Concern over airline alliance

Gerry Brownlee
Gerry Brownlee
Dunedin International Airport chief executive John McCall is considering the implications of the Government's decision to authorise a transtasman alliance between Air New Zealand and Virgin Australia.

The new alliance was announced by Transport Minister Gerry Brownlee, and brought an end to capacity conditions previously imposed on the airlines.

They were granted a three-year alliance in 2010, which included capacity conditions so transtasman flights had to operate on some less competitive routes, as well as the main routes in and out of Auckland, Wellington and Christchurch.

John McCall
John McCall
In a submission to the Ministry of Transport earlier this year Mr McCall opposed unconditional reauthorisation of the alliance, as sought by the airlines.

He said the public benefited in some ways from the alliance, but there needed to be capacity conditions imposed so vulnerable markets such as Dunedin were not exposed to ''the potential for collusive capacity restriction and the price increases which could result''.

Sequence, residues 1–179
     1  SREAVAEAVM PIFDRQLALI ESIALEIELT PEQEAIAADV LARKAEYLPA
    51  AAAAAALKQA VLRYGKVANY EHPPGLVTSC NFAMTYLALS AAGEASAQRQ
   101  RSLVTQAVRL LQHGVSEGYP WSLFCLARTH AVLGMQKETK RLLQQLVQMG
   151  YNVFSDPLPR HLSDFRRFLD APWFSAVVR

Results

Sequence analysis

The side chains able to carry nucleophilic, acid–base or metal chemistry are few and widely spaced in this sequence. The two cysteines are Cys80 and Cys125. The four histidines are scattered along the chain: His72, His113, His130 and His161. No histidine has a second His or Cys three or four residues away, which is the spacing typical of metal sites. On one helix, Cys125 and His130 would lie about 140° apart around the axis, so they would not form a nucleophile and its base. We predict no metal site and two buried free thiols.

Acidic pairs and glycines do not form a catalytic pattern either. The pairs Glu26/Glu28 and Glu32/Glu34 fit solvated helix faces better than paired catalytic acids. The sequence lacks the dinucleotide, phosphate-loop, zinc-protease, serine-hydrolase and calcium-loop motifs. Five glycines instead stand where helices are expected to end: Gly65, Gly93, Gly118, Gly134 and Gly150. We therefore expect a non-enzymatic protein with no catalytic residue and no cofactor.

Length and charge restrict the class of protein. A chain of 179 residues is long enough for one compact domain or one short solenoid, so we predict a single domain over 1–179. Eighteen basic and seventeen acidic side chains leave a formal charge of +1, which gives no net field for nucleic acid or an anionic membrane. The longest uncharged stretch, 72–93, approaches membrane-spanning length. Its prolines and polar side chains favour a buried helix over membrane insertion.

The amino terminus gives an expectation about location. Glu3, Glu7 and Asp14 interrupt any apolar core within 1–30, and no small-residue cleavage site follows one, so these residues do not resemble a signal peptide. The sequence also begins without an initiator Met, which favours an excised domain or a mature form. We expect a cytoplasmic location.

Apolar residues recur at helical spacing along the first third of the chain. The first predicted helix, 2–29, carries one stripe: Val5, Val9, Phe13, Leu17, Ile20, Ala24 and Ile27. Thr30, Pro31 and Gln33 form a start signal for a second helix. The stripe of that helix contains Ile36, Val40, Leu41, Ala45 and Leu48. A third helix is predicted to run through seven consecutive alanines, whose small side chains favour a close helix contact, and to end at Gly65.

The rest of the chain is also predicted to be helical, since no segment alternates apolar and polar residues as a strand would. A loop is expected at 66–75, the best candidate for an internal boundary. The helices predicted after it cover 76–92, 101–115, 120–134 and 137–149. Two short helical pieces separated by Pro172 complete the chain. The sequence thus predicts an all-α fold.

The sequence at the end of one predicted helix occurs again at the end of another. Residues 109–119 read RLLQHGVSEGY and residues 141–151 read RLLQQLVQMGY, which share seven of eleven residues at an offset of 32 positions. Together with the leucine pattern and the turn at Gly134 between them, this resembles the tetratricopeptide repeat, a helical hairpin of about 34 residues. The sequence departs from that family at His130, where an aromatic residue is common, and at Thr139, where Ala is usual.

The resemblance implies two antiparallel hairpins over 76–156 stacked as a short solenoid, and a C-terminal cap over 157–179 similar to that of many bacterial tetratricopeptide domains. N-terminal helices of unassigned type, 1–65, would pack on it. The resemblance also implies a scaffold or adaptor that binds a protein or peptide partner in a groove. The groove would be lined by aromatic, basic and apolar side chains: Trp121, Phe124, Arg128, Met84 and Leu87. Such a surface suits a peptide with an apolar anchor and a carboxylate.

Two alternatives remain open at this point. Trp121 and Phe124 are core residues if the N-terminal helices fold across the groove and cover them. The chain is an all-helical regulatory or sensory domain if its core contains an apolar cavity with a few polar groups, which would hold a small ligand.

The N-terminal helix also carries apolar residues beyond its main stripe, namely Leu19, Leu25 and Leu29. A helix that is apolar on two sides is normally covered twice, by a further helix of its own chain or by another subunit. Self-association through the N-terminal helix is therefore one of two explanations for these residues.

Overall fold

''Any reauthorisation should be accompanied by appropriate capacity conditions, as put forward by the applicants in the original authorisation process - the Dunedin-Brisbane route was included in these conditions.

It is only in this way that the travellers using the routes most vulnerable to anticompetitive behaviour can be protected from the significantly enhanced market power achieved by the applicants under an authorised alliance,'' he said.

Mr Brownlee granted the new alliance for the period until October 31, 2018, to coincide with the expiry of a similar alliance between Qantas and Emirates.

He said Air New Zealand and Virgin Australia were subject to conditions imposed by the Australian Competition and Consumer Commission and, therefore, it was not necessary to impose capacity conditions on the New Zealand Government-authorised alliance.

''I am satisfied that the conditions imposed by the Australian Competition and Consumer Commission are sufficient to ensure that the airlines continue to operate in a competitive manner.''

The airlines had agreed to provide detailed operational data to the Ministry of Transport every six months under the new agreement, which could be revoked by him if airlines failed to comply, Mr Brownlee said.

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